FOUR days before Australian music industry behemoth Michael Gudinski died he rang Richard Clapton at 11.15pm with one of his typically manic phone calls.
Without uttering a hello or any other pleasantry, as was the Gudinski way, the Mushroom Group founder gruffly told a half asleep Clapton that his "hair better be f--king long."
Clapton: "Yes, I've kept it long Michael."
Gudinski: "What shirt you gonna wear in this [video] clip?"
Clapton: "I haven't thought about it."
Gudinski: "What you mean you haven't thought about it? It better be f--king hippie."
He really believed in it fiercely and wanted to make it a hit.Richard Clapton
The reason for Gudinski's heightened interest in the 72-year-old's appearance stemmed from the album Music Is Love (1966 - 1970), Clapton's collection of '60s covers released on Friday through Mushroom's subsidiary Bloodlines.
It was an album Gudinski had on high rotation before his sudden death on March 1 aged 68, leaving behind a legacy as one of Australian music's most influential figures.
"When Gudinski finally got to hear it, he really got into it and in the last few months of his life he was quite obsessed with this album," Clapton says. "He really believed in it fiercely and wanted to make it a hit."
While Gudinski's loss has been felt most intensely in Melbourne's music scene, the Sydney-based Clapton is saddened he never saw Music Is Love released.
"When I was told four mornings later that he was dead, for me, it was not just a shocking bombshell, it was surreal," he says. "I was only just talking to him or he was only just barking at me."
Both Clapton and Gudinski were initially unsure whether an album of hippie anthems would resonate with an audience in 2021. The idea sprang from Clapton's '70s booking agent Terry Blamey, who went on to manage Kylie Minogue for decades.
Clapton had freshly returned home from playing shows along San Francisco's hippie trail and was reminiscing with Blamey about the music of his youth from artists like The Byrds, Neil Young and Crosby, Stills & Nash, which inspired his classics like Girls On The Avenue and Capricorn Dancer.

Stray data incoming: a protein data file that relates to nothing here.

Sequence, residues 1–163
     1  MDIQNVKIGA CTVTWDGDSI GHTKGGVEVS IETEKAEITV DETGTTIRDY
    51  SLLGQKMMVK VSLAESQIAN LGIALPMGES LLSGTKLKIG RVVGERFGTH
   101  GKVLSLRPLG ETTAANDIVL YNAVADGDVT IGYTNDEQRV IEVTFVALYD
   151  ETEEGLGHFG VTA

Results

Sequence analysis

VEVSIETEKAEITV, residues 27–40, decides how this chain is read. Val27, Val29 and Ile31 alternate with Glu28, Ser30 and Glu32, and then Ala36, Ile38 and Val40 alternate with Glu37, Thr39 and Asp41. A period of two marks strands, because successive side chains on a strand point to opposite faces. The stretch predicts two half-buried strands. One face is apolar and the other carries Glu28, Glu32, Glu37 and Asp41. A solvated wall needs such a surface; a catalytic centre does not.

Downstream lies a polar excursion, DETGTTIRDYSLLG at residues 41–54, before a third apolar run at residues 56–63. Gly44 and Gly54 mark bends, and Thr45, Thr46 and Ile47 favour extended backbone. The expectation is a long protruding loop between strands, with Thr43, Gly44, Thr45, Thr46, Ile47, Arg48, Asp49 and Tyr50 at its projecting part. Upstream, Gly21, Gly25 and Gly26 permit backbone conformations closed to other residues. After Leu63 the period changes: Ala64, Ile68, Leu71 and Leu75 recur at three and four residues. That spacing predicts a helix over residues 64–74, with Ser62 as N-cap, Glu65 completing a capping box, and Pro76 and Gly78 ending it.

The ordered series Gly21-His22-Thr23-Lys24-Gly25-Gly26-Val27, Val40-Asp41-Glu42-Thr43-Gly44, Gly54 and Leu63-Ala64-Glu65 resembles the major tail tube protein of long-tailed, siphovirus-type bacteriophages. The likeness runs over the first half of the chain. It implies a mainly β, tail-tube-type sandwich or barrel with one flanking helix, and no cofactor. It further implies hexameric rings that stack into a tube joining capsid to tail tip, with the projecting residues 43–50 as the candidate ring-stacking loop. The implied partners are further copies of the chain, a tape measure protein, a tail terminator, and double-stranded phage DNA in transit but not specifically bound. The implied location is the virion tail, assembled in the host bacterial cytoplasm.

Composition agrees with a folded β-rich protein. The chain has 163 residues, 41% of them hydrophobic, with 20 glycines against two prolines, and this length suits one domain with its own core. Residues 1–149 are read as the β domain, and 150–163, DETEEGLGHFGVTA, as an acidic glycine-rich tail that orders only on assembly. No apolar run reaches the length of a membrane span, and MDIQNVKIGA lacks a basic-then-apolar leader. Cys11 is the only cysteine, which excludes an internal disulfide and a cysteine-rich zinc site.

In the late '60s Clapton moved to London following a recommendation from Keith Richards to attend art school in the English capital, after the pair had a chance meeting backstage at a Sydney Rolling Stones concert.
Later when Clapton's visa expired he was deported from the UK and hitchhiked his way across Europe as a "homeless bum for 10 months", living briefly with a Danish dentist and his wife in Copenhagen and a German student in Hamburg.
"They were probably the happiest years of my life," Clapton says.
"Human beings were totally different to how they are now. We're just hoping to interest younger people in listening to this album and getting into that period of time. We're in danger of losing those songs to a certain extent."
Music Is Love offers a clear insight into Clapton's influences. There's versions of The Youngbloods' Get Together, The Lovin' Spoonful's Summer In The City, Neil Young's Cinnamon Girl and a slick rendition of The Doors' masterpiece Riders On The Storm.
Clapton also revives some of the decade's more political moments on Southern Man by Neil Young and Buffalo Springfield's For What It's Worth (Hey What's That Sound).
Given the heated political climate in recent years, especially in the US due to ex-president Donald Trump and Black Lives Matter, Clapton feels it's important a younger audience hears these songs.
"With the socio-political songs, we're hoping to make some impact and impression on younger people about these protests songs from the late '60s," he says.
"They were all part of the hippie movement and instrumental in how the hippie movement turned the world on its head, which is what it took to get rid of Nixon and end the Vietnam War.
"The hippies totally changed society and music was an integral part of that revolutionary movement."
Richard Clapton's album Music Is Love (1966 - 1970) is out now.